The first film I ever saw of William Castle’s was “13 Ghosts” back in 1960 at a local theater in Brooklyn called The Culver. Audience members were given viewers containing both a red filter and a blue filter that you would look through depending on if you wanted to see the ghosts or not after being prompted to do so by the movie. While it worked, the entire idea was not exactly state of the art special effects, even for 1960. But it was fun and “Spine Tingler: The William Castle Story” is even more fun and filled with memories, interviews and plenty of footage from Castle’s classic “B” filmography. For younger viewers and the uninitiated, terms like “Illusion-O,” “Percepto” and “Emergo” will be new but don’t worry it’s all engagingly explained.
Those familiar with only Castle’s horror films may be surprised to discover his earlier films and his association with Orson Welles. He was a second unit director for “The Lady from Shanghai.” Castle had purchased the screen rights to “If I Should Die Before I Wake” by Sherwood King, the source novel the film was based on, and asked Welles to pitch the story to Harry Cohn of Columbia with the idea Castle himself would direct. It didn’t work out that way though with Cohn deciding to go with Welles directing.
Castle’s first feature was a Boston Blackie film called “The Chance of a Lifetime.” He also directed four in the series of The Whistler films as well as a few Crime Doctor films along with many others in various genres. But Castle found his niche in the horror genre in 1958 with “Macabre.” Castle also figured out how to grab a targeted audience, pre-teens and teens, with various gimmicks that included a $1,000 insurance policy from Lloyds of London in case you died of fright during the movie. There were also nurses standing by in the theaters lobbies ‘just in case.’ For his 1959 film, “The Tingler,” with Vincent Price, every theater had seats rigged with a gadget that would give a slight buzz to whoever was sitting in the seat. “The Tingler,” by the way, is the first film to depict a LSD acid trip.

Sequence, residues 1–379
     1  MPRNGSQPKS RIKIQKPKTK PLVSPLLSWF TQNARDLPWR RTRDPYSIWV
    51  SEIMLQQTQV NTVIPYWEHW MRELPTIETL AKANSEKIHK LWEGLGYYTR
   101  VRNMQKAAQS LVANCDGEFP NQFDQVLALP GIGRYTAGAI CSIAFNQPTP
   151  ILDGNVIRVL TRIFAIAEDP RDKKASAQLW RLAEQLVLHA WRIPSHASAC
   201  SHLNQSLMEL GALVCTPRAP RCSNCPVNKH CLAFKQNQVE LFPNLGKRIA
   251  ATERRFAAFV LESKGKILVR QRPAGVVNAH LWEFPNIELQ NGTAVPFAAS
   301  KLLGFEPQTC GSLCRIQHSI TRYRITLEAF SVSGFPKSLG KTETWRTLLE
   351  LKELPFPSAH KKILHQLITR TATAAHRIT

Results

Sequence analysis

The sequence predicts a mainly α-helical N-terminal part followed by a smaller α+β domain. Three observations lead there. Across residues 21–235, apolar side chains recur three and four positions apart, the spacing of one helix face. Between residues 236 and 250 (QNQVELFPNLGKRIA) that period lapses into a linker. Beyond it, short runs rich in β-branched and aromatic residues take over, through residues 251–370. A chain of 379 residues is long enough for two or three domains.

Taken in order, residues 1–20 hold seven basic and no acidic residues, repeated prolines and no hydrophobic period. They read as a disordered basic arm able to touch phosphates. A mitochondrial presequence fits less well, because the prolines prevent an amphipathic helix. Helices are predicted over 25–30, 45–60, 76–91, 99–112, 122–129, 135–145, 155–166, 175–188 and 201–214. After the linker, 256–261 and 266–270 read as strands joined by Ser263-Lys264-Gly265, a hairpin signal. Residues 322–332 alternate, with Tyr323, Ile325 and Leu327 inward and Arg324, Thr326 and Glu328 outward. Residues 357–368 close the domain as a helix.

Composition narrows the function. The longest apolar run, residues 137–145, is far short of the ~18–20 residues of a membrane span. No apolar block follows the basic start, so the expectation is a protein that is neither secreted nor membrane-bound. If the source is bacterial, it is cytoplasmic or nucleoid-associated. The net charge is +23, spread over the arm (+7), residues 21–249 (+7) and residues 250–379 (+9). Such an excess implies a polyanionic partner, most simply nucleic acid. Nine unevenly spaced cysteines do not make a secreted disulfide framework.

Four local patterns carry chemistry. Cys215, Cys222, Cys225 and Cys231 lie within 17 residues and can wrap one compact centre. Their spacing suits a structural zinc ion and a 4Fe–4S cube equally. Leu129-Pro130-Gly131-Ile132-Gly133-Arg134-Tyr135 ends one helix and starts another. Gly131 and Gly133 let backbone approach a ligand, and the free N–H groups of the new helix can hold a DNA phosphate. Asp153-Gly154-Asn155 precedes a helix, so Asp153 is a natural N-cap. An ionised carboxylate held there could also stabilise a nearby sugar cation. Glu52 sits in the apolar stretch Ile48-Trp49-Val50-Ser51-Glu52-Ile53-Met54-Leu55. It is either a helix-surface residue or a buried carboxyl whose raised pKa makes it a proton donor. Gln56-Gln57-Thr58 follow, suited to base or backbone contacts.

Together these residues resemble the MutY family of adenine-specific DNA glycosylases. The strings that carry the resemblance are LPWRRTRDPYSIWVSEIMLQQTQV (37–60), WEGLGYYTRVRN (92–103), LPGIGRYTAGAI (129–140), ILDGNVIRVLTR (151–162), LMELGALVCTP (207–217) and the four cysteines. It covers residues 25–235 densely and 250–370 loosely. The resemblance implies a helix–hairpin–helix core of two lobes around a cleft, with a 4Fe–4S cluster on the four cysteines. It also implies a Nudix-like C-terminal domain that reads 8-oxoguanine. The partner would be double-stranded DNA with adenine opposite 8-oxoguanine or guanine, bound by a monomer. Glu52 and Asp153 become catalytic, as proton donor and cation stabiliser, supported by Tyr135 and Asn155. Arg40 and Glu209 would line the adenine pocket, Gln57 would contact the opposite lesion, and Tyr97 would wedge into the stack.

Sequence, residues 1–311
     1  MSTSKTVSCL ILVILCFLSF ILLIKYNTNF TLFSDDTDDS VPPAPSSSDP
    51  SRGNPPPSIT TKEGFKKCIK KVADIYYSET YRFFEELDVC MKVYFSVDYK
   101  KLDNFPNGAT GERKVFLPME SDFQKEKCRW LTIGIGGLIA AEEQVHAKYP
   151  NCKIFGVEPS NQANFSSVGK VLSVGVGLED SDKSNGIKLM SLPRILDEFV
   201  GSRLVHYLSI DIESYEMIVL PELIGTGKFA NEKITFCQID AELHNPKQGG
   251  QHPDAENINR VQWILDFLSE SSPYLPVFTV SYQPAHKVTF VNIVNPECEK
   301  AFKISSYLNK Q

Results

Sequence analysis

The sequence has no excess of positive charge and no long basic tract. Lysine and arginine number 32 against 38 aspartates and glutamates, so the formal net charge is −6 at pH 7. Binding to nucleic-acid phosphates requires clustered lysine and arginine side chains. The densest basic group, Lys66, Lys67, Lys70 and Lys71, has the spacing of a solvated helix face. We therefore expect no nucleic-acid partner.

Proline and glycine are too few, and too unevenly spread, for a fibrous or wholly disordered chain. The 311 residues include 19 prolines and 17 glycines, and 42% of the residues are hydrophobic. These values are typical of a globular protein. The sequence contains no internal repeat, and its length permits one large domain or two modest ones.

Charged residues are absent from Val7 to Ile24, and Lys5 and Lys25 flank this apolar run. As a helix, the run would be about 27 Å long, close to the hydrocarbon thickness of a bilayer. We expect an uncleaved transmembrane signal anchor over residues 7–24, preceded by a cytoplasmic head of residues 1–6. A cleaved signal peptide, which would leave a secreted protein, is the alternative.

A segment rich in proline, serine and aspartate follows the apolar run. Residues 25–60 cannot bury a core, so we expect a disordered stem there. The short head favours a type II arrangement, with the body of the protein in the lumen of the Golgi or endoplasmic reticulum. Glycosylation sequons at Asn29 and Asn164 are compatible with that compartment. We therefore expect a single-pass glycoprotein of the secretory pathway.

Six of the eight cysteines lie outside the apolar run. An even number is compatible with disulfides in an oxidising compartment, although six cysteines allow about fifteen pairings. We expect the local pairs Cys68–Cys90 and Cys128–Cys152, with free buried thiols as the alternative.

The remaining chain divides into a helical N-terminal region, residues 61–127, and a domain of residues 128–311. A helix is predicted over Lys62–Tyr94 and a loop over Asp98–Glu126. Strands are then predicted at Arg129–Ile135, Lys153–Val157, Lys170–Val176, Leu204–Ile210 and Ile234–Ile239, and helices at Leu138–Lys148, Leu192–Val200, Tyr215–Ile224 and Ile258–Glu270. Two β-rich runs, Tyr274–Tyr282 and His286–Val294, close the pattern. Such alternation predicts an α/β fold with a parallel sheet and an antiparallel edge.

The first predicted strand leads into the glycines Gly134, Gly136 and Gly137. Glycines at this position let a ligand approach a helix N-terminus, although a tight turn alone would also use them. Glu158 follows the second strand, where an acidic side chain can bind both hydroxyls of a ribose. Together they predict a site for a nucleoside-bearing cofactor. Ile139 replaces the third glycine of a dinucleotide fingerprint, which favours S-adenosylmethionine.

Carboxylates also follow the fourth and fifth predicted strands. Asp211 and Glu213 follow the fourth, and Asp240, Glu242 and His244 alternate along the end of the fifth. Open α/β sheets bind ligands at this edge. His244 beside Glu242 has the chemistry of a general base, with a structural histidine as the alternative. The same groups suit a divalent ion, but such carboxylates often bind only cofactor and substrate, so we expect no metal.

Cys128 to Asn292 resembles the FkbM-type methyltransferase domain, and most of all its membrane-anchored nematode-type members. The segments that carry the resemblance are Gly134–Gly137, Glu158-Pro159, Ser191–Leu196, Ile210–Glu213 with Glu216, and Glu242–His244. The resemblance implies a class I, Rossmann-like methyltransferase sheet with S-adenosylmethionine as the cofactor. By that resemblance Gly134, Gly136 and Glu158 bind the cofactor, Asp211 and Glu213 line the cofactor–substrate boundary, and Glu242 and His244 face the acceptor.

Those interviewed include John Landis, John Badam, Roger Corman, Forest Ackerman and Joe Dante whose own 1993 film, “Matinee” is a fictional loving tribute to Castle and his era focusing on the period during the Cuban Missile Crisis. Landis and Dante who grew up with Castle’s film seem to be having a blast recalling their childhood experiences.
Director Jeffrey Schwarz while focusing on Castle’s professional life does give us some background on the man’s private life including interviews with his daughter Terry Castle. William Castle worked for one of the most despicable men in Hollywood, Columbia honcho Harry Cohn, yet he did not let Cohn’s unsavory reputation rub off on him. From all accounts, including daughter Terry, Castle remained a good family man. Any demons he may have possessed were only exposed on the screen.
There is also get a segment on Hitchcock and the competitiveness Castle felt toward the master of suspense. After all, Hitchcock made “A” films while Castle never managed to move out of the B film category. When Hitchcock made “Psycho” in 1960 and possibly “borrowed” some of Castle’s ballyhoo and hype flair, Castle countered with “Homicidal” in 1961, a gender twisting horror film that surprising made Time magazine’s list of best films of the year. Ever the showman, Castle incorporated a ‘Fright Break’ just before the film’s final sequence, which gave audience members the chance to leave the theater before the film’s horrifying conclusion. They were even given the opportunity to be given their money back.
In the late 1960’s, Castle believed he would finally have the opportunity to direct a Grade A production when he purchased the screen rights to Ira Levin’s “Rosemary’s Baby.” Unfortunately for Castle, it was denied when Robert Evans, then head of Paramount, wanted Europe’s current sensation, Roman Polanski to direct. Castle settled for a producer’s credit, a bit part in the film and a percentage of the film’s profits.
William Castle never directed a great film but he made quite a few that were a lot of fun to watch and still are. “Spine Tingler: The William Castle Story” won the audience award for Best Documentary at the 2007 AFI Film Festival.